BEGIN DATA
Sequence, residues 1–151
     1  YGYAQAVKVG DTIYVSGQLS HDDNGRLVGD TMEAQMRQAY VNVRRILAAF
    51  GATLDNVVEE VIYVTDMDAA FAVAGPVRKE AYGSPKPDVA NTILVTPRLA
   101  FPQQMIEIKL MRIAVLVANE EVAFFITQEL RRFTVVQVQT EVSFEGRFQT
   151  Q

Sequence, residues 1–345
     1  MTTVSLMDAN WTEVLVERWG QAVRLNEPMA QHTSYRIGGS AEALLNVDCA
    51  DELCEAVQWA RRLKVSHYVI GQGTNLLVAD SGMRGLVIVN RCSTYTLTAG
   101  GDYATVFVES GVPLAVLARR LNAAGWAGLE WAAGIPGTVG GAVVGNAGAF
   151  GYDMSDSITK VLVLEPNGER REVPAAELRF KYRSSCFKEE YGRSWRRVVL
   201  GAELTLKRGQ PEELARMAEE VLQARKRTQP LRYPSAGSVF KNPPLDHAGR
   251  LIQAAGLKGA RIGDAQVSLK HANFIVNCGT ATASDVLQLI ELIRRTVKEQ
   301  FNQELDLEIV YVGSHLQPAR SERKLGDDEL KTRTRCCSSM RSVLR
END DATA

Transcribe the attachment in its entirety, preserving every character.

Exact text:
Sequence, residues 1–151
     1  YGYAQAVKVG DTIYVSGQLS HDDNGRLVGD TMEAQMRQAY VNVRRILAAF
    51  GATLDNVVEE VIYVTDMDAA FAVAGPVRKE AYGSPKPDVA NTILVTPRLA
   101  FPQQMIEIKL MRIAVLVANE EVAFFITQEL RRFTVVQVQT EVSFEGRFQT
   151  Q

Sequence, residues 1–345
     1  MTTVSLMDAN WTEVLVERWG QAVRLNEPMA QHTSYRIGGS AEALLNVDCA
    51  DELCEAVQWA RRLKVSHYVI GQGTNLLVAD SGMRGLVIVN RCSTYTLTAG
   101  GDYATVFVES GVPLAVLARR LNAAGWAGLE WAAGIPGTVG GAVVGNAGAF
   151  GYDMSDSITK VLVLEPNGER REVPAAELRF KYRSSCFKEE YGRSWRRVVL
   201  GAELTLKRGQ PEELARMAEE VLQARKRTQP LRYPSAGSVF KNPPLDHAGR
   251  LIQAAGLKGA RIGDAQVSLK HANFIVNCGT ATASDVLQLI ELIRRTVKEQ
   301  FNQELDLEIV YVGSHLQPAR SERKLGDDEL KTRTRCCSSM RSVLR